First is the name K8L, which we first outed here, followed by some specs for the new AMD chips here. Yay. In a cleansing spirit, much akin to chugging bleach, we will start with nomenclature. The first thing is that when we wrote the AMD hounds pieces, we did not know what 'Rev' the parts corresponded to. The code names and specs are right, but the Rev nomenclature may be off, use it at your own risk.
Next up is the term K8L, something that was not in the AMD literature, or anywhere else until we posted it. It has since crept into the lexicon, and has appeared in many AMD documents, several of which contradict each other. What we were referring to with the name was the doubled FP parts that kicked off the 'hound' series of code names.
So, up to that point, there was no K8L, and several high ups, engineers, and generalised personnel at AMD have asked me where that name came from. Short answer, Intel. I don't know what should worry AMD more, that Intel knew about the hounds before we did, or that AMD now has dozens of Powerpoints out there with a Santa Clara inspired code name all over them. Time to go on a document scrubbing session....
So, that brings us to the chips themselves. There was much ado about the K8L/quad core parts taping out a week or so ago, once again, go team. A week of intensive digging has lead me to believe this part is not the native quad core dual FP beast commonly referred to as K8L. That part looks like it was delayed to Q1/08. No yay team there.
This has good and bad sides to it. The good is that the QC parts look to be an easy target to hit for Q2 if they are based on 65nm shrink of F, be it called G or something else entirely. Since AMD's architecture is fairly modular, and the cores themselves are a known quantity, it should make validation and testing much quicker. I am confident that the Q2 date is doable, barring any major impromptu shotgun podiatry.
The down side is that AMD is not going to have a new core in 2007, or at least have it until the waning days of 2007 if everything goes swimmingly. This means that Intel will pretty much own the 1S 2C market, where the meat of the sales lie. At 2S 4C, Intel will have a slimmer lead, but should still have a lead. At 4S, AMD all the way.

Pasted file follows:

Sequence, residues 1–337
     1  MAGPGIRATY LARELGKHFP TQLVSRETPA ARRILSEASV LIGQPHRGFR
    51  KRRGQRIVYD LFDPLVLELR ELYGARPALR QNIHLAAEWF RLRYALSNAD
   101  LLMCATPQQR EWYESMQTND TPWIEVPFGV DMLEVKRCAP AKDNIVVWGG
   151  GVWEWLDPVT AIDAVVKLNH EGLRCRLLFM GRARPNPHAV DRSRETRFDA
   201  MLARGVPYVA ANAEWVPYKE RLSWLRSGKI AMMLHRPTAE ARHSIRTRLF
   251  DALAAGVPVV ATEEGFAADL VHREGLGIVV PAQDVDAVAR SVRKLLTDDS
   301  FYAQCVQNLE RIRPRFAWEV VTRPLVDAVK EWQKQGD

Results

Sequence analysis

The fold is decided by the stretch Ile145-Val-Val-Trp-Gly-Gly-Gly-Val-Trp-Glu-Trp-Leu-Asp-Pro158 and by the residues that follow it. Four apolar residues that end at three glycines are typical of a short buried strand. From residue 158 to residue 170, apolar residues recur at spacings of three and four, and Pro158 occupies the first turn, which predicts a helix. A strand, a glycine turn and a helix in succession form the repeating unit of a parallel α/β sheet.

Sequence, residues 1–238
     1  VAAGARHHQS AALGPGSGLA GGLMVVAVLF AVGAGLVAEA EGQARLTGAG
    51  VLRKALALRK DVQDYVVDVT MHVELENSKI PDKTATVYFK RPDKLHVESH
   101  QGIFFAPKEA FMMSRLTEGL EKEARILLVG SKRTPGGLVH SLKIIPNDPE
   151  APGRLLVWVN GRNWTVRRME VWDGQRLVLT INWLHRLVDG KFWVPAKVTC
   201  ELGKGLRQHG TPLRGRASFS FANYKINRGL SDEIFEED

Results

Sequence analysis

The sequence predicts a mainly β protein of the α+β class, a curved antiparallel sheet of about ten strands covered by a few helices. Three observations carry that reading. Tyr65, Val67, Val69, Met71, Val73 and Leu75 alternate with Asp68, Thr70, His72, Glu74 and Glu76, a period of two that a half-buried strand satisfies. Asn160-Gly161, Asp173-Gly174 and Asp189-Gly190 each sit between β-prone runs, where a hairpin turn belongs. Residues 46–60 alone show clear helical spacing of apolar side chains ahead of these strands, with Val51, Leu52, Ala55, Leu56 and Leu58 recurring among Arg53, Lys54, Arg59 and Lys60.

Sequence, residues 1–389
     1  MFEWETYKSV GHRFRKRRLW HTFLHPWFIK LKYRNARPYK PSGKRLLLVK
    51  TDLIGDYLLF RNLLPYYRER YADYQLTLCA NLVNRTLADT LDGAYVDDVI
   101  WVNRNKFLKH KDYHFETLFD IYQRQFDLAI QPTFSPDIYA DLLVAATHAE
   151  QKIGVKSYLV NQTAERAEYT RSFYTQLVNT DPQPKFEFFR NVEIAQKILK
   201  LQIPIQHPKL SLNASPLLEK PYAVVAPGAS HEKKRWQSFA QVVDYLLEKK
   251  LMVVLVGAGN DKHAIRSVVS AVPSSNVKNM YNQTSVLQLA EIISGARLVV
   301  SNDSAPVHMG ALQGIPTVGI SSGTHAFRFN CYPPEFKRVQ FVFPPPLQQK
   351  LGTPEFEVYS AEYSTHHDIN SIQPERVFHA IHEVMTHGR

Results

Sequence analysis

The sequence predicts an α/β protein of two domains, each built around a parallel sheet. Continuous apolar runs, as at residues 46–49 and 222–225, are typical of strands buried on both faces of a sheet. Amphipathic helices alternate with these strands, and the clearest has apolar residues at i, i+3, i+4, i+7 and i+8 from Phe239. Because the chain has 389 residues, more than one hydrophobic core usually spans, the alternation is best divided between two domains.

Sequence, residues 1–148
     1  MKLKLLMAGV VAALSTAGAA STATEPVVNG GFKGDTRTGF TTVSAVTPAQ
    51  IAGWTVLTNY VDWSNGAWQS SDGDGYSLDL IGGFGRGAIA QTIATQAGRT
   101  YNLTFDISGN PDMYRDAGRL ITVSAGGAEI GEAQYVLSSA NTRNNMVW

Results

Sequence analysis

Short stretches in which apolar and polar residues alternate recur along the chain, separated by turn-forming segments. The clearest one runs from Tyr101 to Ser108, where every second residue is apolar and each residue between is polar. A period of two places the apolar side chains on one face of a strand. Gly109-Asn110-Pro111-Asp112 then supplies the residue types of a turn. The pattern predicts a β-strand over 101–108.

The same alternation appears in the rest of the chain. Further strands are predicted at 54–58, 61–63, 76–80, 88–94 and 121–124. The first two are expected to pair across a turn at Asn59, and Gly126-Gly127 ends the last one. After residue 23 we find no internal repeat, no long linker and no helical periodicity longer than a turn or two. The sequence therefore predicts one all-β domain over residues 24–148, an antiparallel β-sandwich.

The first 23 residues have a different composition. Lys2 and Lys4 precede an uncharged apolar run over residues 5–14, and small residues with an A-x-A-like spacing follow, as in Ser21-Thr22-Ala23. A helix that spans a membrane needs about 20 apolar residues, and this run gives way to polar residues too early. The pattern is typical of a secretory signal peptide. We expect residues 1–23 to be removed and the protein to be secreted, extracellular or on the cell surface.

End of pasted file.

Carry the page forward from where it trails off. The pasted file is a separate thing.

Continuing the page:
Now, you notice that covers 2C chips, what about QC/4C? Intel has a clean two quarters to ramp up and hold the mindshare high ground, but the AMD response, even with the older cores, should be more than adequate. Come Q2, it is game on all over again.
It looks like Intel has pulled off an engineering coup and will have dual-die QC parts on a 1333MHz FSB after all, but it won't be enough. AMD, but virtue of its overarching architecture, won't be an elephant drinking through a soda straw when it comes to memory accesses.
I expect AMD to win at all socket counts on QC chips, by a little on 1S, more as the socket count climbs. It will be benchmark dependent of course, and both sides will put out very favourable numbers. But, overall, I think AMD will win the majority of the benches. It will still have an uphill climb, Intel will have quite the entrenched userbase by then, so the great white hope for the green team is how hard Intel can ramp.
That brings us to power. Once again, due to the AMD infrastructure, the higher the socket count, the better AMD can scale without incurring excessive power overhead. Caneland may be a fast platform, but how many watts is the chipset going to consume? You can also say with confidence that a Conroe at 2.6GHz on a 1066FSB takes about 65W since the next step up is in an 80W thermal envelope. AMD has a little more leeway, if you want more details on performance per watt, look at this excellent article on Lost Circuits.
The take-home message on power is Intel has a lead on 2C chips right now, but performance per watt is still quite a toss up. On 4C chips, AMD potentially has the advantage, Intel needs two complete chips and a bus speed boost, AMD needs two more cores. I think AMD will have an easier time meeting their goal of putting the 4C parts in the same thermal envelope as the current 2C parts. Intel has amazing process engineers, but again , they are a bit hamstrung by infrastructure.
Overall, there are a few things to think about, not the least of which is Intel named an AMD processor. For 2007, some of AMDs chips will be early, some a little late, but nothing much more than an extension of what is there now. Performance over the next year will be won by both sides depending on socket count, core count, and alignment with several universal forces most people don't think exist(*). AMD will have a little easier time on power, but don't count Intel out. Clear as mud yet? µ
(*) To misquote the grand philosopher Rodney, it all has to do with the earth's rotation and its position around the sun. If it is lined up so the solar crashion particles pass easily through a rack of PCs, AMD will win the benches handily, 90 degrees off, it is all Intel. That is science for you. Microsoft has not figured this one out, and are blue because of it.
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